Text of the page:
Once you’ve been approached, you can expect the following things to happen:

  1. The developer will carry out further checks on your land to confirm its suitability (known as a feasibility study).
  2. The developer may offer an option agreement to reserve your land for a wind project while they seek planning permission and regulatory approvals.
  3. You’ll discuss a watertight lease for the project by consulting with experts.
  4. They’ll engage with local communities and stakeholders to gather input and address any concerns relating to the project. They may even check in with your neighbours to gauge their opinion on the wind farm.
  5. They’ll secure grid connection agreements.
  6. Developers will create an environmental impact strategy to mitigate potential environmental and wildlife impacts.
  7. They’ll order and manufacture the turbines and secure any necessary equipment. This is also when you’ll work with your developer to sort access roads, foundations, and cabling.
  8. Once the turbines are assembled, they’ll be tested to ensure proper functioning and compliance with local safety standards.
  9. Developers will secure Power Purchase Agreements utilities or buyers to sell the generated electricity.
  10. The developer will discuss a maintenance plan with you and the site operator to keep the turbines in tip-top shape.
  11. The developer will eventually decommission the turbines at the end of the project, but this isn’t something you’ll be worrying about for around 25 years.

If you’re even remotely unsure about the wind farm building process, feel free to check in with your developer. Any developer worth their salt will be happy to field any questions a landowner has during this process.

Photo wind turbines over a farm

What Are Landowners Paid for Wind Turbines?

If a landowner is leasing land for wind turbines, site operators will usually pay them via a preapproved payment arrangement. There are several different payment arrangements that landowners can choose from, ranging from fixed payments to hybrid forms. The type you choose will depend entirely on your projected involvement in the project and your risk appetite. Luckily for you, we’ve rounded up every type of payment arrangement available to landowners to help you pick the right option.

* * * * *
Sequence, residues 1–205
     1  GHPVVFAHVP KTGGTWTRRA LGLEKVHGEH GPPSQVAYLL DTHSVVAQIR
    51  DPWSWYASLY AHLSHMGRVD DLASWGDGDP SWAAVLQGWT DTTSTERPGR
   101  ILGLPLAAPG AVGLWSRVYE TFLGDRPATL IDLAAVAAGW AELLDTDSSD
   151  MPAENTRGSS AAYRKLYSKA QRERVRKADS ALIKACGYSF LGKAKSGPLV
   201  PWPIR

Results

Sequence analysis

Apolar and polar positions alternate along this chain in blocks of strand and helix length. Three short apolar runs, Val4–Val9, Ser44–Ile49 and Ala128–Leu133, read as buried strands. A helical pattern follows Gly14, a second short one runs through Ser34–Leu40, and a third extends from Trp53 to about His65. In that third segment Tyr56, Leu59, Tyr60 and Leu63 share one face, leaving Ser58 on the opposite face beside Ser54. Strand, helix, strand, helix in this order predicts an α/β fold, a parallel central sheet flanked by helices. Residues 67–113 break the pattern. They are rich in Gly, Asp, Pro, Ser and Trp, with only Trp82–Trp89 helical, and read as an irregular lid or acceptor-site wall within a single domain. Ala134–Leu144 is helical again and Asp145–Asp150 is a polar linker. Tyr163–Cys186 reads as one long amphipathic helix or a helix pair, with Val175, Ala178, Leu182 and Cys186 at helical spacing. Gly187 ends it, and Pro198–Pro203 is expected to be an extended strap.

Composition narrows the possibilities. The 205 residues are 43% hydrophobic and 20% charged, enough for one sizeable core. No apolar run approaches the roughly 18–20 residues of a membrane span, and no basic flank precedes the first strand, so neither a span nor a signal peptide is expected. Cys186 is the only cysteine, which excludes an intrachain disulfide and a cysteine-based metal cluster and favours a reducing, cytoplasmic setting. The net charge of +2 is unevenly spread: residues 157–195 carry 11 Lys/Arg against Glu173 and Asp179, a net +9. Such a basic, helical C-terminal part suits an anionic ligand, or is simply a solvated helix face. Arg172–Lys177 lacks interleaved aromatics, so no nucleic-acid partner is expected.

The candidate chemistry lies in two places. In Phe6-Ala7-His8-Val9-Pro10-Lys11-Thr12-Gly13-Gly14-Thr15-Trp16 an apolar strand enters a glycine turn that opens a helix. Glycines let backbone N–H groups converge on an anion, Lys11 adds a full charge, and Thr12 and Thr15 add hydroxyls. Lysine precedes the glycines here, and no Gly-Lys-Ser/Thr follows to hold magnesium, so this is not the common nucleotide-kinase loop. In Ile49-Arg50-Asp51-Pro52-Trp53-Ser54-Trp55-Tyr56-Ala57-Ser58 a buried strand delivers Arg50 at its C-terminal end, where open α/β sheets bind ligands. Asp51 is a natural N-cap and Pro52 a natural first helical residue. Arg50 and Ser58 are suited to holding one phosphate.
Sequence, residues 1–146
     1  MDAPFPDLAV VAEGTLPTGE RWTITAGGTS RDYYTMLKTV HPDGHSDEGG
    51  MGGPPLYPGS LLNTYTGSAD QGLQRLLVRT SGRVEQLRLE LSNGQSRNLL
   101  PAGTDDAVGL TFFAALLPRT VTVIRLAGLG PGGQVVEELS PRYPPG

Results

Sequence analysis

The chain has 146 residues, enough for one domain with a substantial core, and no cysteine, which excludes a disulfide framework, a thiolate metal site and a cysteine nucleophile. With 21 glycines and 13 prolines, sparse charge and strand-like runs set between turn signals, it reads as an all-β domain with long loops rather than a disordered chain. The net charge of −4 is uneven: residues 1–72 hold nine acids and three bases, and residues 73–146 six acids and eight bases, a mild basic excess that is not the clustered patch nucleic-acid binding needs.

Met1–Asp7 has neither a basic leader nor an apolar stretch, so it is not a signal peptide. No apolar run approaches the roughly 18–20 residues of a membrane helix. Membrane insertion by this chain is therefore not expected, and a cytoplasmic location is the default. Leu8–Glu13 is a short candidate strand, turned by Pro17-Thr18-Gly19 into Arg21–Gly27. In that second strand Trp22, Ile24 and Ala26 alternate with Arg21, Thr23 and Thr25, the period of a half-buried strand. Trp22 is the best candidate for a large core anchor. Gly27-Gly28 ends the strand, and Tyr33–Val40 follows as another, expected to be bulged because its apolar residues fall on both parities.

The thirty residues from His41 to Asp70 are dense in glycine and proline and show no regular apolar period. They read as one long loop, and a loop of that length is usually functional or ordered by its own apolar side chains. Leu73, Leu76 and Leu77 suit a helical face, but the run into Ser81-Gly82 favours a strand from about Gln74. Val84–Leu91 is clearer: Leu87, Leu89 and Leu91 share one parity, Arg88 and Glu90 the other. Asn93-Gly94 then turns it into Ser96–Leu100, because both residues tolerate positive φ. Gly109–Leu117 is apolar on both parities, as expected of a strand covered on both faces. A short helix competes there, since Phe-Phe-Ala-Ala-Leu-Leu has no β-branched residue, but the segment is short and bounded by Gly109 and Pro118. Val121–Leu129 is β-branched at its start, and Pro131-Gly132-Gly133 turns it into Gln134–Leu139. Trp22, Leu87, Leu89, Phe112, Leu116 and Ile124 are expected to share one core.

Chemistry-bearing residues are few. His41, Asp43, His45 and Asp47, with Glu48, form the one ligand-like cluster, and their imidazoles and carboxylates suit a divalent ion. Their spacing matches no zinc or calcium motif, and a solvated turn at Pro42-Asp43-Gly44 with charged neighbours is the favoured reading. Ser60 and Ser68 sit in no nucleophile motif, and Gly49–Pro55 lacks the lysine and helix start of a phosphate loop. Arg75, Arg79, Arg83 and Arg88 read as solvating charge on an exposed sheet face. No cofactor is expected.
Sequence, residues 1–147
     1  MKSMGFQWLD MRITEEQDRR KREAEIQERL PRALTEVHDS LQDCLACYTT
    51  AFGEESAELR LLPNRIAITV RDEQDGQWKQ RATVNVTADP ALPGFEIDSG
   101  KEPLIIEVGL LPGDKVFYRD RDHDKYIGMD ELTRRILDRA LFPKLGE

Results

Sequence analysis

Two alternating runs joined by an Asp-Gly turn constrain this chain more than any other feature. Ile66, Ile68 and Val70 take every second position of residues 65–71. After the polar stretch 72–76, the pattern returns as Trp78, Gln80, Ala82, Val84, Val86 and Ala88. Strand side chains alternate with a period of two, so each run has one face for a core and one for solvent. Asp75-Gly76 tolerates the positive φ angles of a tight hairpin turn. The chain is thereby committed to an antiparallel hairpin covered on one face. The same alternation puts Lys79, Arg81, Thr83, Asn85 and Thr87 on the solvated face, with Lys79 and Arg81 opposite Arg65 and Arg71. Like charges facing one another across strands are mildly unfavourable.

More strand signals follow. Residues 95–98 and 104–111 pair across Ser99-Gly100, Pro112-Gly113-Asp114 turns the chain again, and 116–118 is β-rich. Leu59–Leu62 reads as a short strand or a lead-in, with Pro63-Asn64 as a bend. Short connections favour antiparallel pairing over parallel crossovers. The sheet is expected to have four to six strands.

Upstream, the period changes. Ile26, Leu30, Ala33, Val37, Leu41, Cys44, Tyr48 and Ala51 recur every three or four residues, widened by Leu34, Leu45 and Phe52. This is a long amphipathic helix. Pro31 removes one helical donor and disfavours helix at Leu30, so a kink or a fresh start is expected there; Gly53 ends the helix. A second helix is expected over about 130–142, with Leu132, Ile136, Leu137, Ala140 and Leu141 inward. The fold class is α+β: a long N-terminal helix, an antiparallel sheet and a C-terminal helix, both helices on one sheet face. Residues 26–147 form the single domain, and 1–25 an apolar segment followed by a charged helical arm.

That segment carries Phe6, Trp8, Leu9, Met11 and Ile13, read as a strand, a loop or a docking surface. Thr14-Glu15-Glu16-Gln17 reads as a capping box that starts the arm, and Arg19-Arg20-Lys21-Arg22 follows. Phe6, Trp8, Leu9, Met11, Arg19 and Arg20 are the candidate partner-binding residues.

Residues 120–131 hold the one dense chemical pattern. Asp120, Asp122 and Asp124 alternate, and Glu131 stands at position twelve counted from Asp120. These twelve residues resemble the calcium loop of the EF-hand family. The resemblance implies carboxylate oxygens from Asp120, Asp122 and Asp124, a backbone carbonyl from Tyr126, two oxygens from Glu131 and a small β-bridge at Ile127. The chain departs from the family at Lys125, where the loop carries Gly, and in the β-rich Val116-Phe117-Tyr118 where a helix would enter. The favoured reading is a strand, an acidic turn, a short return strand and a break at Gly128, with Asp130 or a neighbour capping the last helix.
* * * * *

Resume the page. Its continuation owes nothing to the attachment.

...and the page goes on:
In terms of figures, it’s impossible to pinpoint an exact sum as payments will depend on the amount of land leased, the output of the site, and various other factors.

The average 3.5MW turbine can make up to £7,100,000 a year, but this won’t all trickle down to the landowner. In our experience, landowners usually get around 20% of the overall income from the project. This, of course, depends on the payment arrangement you choose, but that tends to be the general ballpark sum

We hope that this in-depth article has helped you figure out the land required for a wind farm!

As you can see, figuring out the kind of land required for a wind farm is quite an undertaking! The general takeaway is that you’ll need decent wind speeds, a cooperative local authority, and suitable soil. But it’s also important to remember that a pre-existing connection to the grid and enough access for work vehicles can clinch the deal.

If you’re even remotely unsure about the steps you’ll need to host a wind farm on your land, just get in touch. Our experts will guide you using our innovative SiteStart(™) service and make sure you’re getting fairly compensated for leasing your land. Talk about starting on the right foot.


Landowners often ask us about clearance distances and planning permission. So, if you’re curious about these topics, we’ve rounded up a couple of frequently asked questions for you.

How much clearance does a wind turbine need?

In general, a wind turbine should be at a distance that’s at least ten times the height of the highest obstacle (usually the rotor blades).

How close can a wind turbine be to a house in the UK?

The typical distance between commercial turbines and the nearest residential property in Northern Ireland and Wales is usually 500 m to avoid excessive noise. In England, there is no official separation distance, but councils usually suggest 350 m. In Scotland, the councils give a  2km separation distance as a guide but not a rule.

Do I need planning permission for a wind turbine in my garden?

Permitted development in England includes a standalone wind turbine if you don’t already have an Air Source Heat Pump installed.